AN EX-cop who smuggled medical cannabis to treat her sick son is running for office as part of her bid to force the NHS to supply the drug.
Crusading mother Lisa Quarrell is aiming to become a labor councilor in East Kilbride after years of campaigning to help her epileptic son Cole, nine.
She said: “I decided to stand as a local councilor because I saw with my own eyes how broken our system can be.
“When an already exhausted parent of a child with a disability has to struggle to access their child’s most basic needs, something is seriously wrong.
“I hope to use my position as a platform to help others.”
Even though cannabis was approved for medical treatment in 2018, it is still not available on the NHS.
Mum-of-two Lisa, 41, now pays £1,300 a month for a private prescription to suppress Cole’s seizures, and has shelled out around £80,000 to date.
Lisa, who will be held in East Kilbride Central South on May 6, revealed in 2019 how she smuggled cannabis oil into the UK from the Netherlands to help her son Cole Thomson who was aged up to 16 seizures per day.
Lisa was previously a police officer, but she left the police to take care of Cole.
Earlier this year, she told how infuriating it was that an NHS trial in Glasgow was handing out free heroin to drug addicts while denying cannabis oil to people with epilepsy.
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Cole suffers from a form of drug-resistant epilepsy that causes seizures in half of his brain, but the seizures subsided after he started taking cannabis oil.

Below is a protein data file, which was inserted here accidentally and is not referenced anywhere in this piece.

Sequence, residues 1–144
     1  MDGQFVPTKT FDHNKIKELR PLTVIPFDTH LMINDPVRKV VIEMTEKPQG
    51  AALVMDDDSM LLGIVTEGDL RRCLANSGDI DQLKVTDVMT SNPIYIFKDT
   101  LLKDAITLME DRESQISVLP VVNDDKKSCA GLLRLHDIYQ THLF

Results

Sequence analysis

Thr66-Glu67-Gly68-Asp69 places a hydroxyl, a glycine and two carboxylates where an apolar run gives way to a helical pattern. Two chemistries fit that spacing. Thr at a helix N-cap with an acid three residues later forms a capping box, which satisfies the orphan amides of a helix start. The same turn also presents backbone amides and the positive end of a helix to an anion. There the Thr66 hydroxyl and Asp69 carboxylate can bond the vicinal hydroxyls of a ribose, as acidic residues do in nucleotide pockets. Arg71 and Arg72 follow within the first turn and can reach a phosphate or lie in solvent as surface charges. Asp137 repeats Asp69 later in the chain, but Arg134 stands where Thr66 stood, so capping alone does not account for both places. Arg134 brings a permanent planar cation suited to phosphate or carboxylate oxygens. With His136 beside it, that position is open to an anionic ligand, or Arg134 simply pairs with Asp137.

We told in 2019 how she risked prosecution when cops launched an investigation into her televised admission that she had smuggled her into Scotland.
She was later told that she would not be charged.
Jackie Baillie, deputy leader of the Scottish Labor Party – who has backed Cole’s campaign to make medical cannabis available to children with epilepsy – said: “I am delighted that Lisa is standing as a Labor councilor in East Kilbride.
“She is a determined, tenacious activist who is not afraid to stand up and make her voice heard.
“I think she would be a great advisor.”
The Scottish government has said it is supporting more clinical trials to help gather evidence on the use of cannabis as a treatment.
He said this year that although specialist doctors have been allowed to prescribe medical cannabis products on the NHS since 2018, “most have concerns about their safety and effectiveness and the lack of strong evidence on their use. , especially the long-term side effects”.
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